The East Gippsland Community College of TAFE run aquaculture courses for people seeking to enter the industry as employees or owner/mangers, and Nagle Secondary College offers certificates 1 and 3 in Seafood Industry (aquaculture).
Australia, with its vast coastline, clean environment and reputation for disease free aquaculture stock, is well placed to becoming a provider and exporter of clean, high quality; “green” farmed seafood products. Gippsland’s natural and human resources attributes are manifold and the region can trade on a clean, green image as well as the efficiency of its rural sector. The organic certification being pursued by Oceanair for its Wonthaggi facility puts it at the cutting edge and opens up further premium-prices, niche markets.
Currently (1996/97) Australia exports A$1085 million or 62 percent of its annual seafood production. Victoria exports over 4000 tonnes of live, chilled and processed seafood valued at A$122 million (1996/97) – Victoria doesn’t produce all of this seafood; it acts as a transport hub for seafood exports from other states. 80 percent of Victorian seafood exports are rock lobster and abalone. There are good market opportunities in Japan, Taiwan and Hong Kong for farmed abalone, Barramundi, Murray Cod, trout, Atlantic salmon and cultured eels (Business Victoria).
The style of market development for Gippsland aquaculture products will depend on what is produced. For hatchery operators, produce is fingerlings which would be sold locally to grow-out farmers or to the State government to restock natural waterways (if native species). The Oceanair hatchery will be producing fingerlings for restocking of Asian marine waters as part of United Nations project.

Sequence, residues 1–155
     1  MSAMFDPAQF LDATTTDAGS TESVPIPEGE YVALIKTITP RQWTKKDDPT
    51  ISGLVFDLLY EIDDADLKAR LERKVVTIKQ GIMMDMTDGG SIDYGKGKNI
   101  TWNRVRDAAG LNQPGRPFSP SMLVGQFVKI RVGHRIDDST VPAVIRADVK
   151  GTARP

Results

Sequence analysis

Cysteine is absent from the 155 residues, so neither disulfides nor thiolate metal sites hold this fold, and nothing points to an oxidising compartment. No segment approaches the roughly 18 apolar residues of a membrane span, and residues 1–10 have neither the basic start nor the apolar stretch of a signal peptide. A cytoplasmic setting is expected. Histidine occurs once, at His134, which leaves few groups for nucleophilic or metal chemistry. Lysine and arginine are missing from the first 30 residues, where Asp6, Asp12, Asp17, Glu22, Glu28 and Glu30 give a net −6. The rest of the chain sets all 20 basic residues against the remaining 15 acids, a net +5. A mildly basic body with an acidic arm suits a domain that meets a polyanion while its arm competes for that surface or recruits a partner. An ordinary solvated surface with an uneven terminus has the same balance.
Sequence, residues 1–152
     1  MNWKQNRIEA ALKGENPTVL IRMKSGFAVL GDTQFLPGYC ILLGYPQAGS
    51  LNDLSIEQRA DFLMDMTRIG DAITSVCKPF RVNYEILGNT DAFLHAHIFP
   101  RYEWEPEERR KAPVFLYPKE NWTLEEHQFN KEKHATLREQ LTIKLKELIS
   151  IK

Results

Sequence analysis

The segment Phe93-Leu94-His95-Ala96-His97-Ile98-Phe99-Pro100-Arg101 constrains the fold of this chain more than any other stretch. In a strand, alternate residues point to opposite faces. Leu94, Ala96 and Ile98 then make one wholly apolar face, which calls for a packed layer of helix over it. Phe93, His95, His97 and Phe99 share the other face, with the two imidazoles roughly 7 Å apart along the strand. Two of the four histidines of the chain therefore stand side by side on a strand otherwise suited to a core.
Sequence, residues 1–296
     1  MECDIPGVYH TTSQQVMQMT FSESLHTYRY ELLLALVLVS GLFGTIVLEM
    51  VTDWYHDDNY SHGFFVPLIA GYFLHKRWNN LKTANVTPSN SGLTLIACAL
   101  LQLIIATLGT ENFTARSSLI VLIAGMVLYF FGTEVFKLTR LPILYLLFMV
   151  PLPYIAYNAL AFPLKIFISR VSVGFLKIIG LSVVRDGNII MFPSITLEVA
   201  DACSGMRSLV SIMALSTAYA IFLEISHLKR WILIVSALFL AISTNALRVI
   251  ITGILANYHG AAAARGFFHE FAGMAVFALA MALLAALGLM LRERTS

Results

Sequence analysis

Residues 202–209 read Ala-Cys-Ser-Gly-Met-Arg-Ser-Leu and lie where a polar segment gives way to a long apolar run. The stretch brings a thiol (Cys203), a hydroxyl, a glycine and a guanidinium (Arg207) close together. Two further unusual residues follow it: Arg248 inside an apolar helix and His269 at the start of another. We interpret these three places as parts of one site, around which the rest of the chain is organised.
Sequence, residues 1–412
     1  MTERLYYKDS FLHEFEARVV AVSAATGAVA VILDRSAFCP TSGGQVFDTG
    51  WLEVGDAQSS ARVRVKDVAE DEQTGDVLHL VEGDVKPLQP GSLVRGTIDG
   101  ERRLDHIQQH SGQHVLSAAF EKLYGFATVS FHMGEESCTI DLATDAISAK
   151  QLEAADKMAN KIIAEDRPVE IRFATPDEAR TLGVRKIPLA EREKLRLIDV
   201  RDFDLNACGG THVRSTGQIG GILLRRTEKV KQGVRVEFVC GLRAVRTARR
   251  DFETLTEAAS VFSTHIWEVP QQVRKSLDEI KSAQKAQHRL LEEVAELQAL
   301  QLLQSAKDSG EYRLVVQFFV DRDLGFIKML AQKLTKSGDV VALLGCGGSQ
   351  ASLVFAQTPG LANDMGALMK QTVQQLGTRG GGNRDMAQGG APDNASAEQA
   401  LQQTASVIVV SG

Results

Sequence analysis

Producers with grow-out facilities initially sell direct to restaurants, and then to Footscray (Melbourne) or Sydney wholesales fish markets. Once critical mass is reached, either by individual large farms or through species cooperatives, exports markets can be developed.
According to ABARE’s Australia’s Fisheries Statistics (2000) Australia’s major export markets for seafood are the United States (10 percent), China (7 percent) and Hong Kong (17 percent), Taiwan (11 percent) and Japan (30 percent). Live fish received the best prices in international markets – up to three times the price of chilled gilled-gutted, however the majority of local sales are of chilled fish. Export markets are already in place for canned abalone.
Given that quality and freshness are at a premium, Gippsland is well placed with established road transportation networks and registered airports at Traralgon, West Sale and Mallacoota. Aquaculture producers will benefit from the marketing nous of Austrade, and from the Gippsland Food Alliance which is an umbrella name for an informal cooperative of Gippsland shires and food producers established to present a regional marketing approach at food fairs in Sydney and Melbourne.